8.21.2014

British soldier's acount of events on march from Nottingham to Marlborough

August 21, 1814
British soldier recounts events on the troops’ march from Nottingham to Marlborough, MD:
“In the course of this day’s march a little adventure occurred to myself, which in the illiberality of my heart, I could not but regard as strikingly characteristic of the character of the people to whom we were now opposed, and which, as at the time it had something in it truly comical, I cannot resist the inclination of repeating, though aware that its title to drollery must in a great measure be lost in the relation. Having been informed that in a certain part of the forest a company of riflemen had passed the night, I took with me a party of soldiers, and proceeded in the direction pointed out, with the hope of surprising them. On reaching the place I found that they had retired, but I thought I could perceive something like the glitter of arms a little farther towards the middle of the wood. ….I contrived to surround the spot, and then moving forward, I beheld two men dressed in black coats and armed with bright firelocks and bayonets, sitting under a tree; as soon as they observed me, they started up and took to their heels, but being hemmed in on all sides, they quickly…stood still…I heard the one say to the other, with a look of the most perfect simplicity, “Stop, John, till the gentlemen pass.” There was something so ludicrous in this speech and in the cast of countenance which accompanied it that I could not help laughing aloud; nor was my mirth diminished by their attempts to persuade me that they were quiet country people, come out for no other purpose than to shoot squirrels. When I desired to know whether they carried bayonets to charge the squirrels, as well as muskets to shoot them, they were rather at a loss for a reply; but they grumbled exceedingly when they found themselves prisoners…
to return to the principal narrative. The army had now advanced within a few miles of Nottingham ….when a smart firing in the wood upon the right of the road gave new life and energy to the soldiers. It was now confidently expected that the enemy would make a stand…but it proved to be no more than a reencounter between a party of American riflemen and the flank patrol. After firing a few shots, the enemy gave way, and our main body, which had continued to move on during the skirmish, came in without the slightest opposition to the town of Nottingham…we found this place (a town or large village, capable of containing from a thousand to fifteen hundred inhabitants) completely deserted. Not an individual was to be seen in the streets, or remained in the houses; whilst the appearance of the furniture and in some places the very bread left in the ovens, showed that it had been evacuated in great haste, and immediately before our arrival…..The houses are not such as indicate the existence of much wealth or grandeur...being…built of wood, and little superior to cottages; but around the village are others of a far better description,…substantial farm-houses, a species of mansion very common in the United states. For several miles in every direction the country was in a high state of cultivation; …instead of the maize and wheat….the fields were covered with an abundant and luxuriant crop of tobacco. This plant seems, indeed, to be at all times the staple commodity of that district….numerous barns filled with the remains of last year’s crop; the whole of which was, of course, seized in the name of His Majesty King George the Third. But in the main object of our pursuit we were disappointed. The flotilla, which had been stationed opposite to Nottingham, retired, on our approach, higher up the stream and we were consequently in the situation of a huntsman who sees his hounds at fault, and has every reason to apprehend that his game will escape.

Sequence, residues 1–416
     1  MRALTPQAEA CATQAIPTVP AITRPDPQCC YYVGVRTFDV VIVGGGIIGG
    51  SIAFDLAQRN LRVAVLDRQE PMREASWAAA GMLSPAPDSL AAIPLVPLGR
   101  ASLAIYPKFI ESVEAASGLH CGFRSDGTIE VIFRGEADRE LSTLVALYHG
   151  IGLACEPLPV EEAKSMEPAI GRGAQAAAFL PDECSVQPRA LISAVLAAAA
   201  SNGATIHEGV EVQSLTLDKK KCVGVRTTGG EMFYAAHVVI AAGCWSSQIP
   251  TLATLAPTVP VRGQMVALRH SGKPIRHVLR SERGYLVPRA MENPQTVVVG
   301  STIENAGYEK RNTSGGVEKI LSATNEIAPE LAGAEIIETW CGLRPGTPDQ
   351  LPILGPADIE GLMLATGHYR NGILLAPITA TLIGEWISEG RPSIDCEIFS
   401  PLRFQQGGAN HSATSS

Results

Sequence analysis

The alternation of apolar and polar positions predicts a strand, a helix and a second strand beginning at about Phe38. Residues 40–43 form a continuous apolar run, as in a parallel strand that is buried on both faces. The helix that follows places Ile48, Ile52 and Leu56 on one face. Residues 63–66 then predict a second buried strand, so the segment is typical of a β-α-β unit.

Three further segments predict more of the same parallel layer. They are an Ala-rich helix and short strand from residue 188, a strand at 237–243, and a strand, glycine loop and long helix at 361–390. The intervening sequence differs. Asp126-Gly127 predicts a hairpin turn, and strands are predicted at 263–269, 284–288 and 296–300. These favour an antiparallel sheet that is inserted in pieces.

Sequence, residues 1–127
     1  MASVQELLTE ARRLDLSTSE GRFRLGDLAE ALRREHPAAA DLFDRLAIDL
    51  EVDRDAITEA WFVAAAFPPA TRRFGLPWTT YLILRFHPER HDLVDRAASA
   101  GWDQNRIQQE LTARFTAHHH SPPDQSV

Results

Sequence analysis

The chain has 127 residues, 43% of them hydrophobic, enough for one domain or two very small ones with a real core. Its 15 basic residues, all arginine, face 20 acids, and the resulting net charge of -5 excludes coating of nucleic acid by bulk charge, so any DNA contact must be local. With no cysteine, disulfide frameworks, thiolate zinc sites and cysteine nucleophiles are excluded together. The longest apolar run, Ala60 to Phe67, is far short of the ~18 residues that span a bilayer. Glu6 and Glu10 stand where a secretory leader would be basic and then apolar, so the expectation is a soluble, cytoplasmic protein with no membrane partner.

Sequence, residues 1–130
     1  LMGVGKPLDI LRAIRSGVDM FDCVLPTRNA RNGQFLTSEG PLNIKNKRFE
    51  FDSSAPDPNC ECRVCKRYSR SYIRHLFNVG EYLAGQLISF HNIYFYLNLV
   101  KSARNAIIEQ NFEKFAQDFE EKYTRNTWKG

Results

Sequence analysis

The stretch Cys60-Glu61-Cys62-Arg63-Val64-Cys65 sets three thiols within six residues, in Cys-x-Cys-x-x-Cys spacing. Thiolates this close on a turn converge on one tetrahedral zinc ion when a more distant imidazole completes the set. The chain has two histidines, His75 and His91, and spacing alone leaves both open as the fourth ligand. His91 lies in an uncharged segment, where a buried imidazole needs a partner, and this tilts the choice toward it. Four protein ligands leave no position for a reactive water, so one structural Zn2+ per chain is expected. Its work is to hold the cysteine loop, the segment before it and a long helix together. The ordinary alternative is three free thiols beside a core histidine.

…hesitation as to the course to be pursued….but, at last, the column set forward in the direction of Marlborough, another village about ten miles beyond Nottingham….(there was) the rear guard of a column of infantry evacuating Marlborough as our advance entered. There was, however, little or no skirmishing, and we were allowed to remain in the village all night without molestation. But if we were not harassed, we were at least startled on the march by several heavy explosions…..we soon learnt that (the explosions) were occasioned by the blowing up of the very squadron of which we were in pursuit, and which Commodore Barney, perceiving the impossibility of preserving, prudently destroyed, in order to prevent its falling into our hands.”

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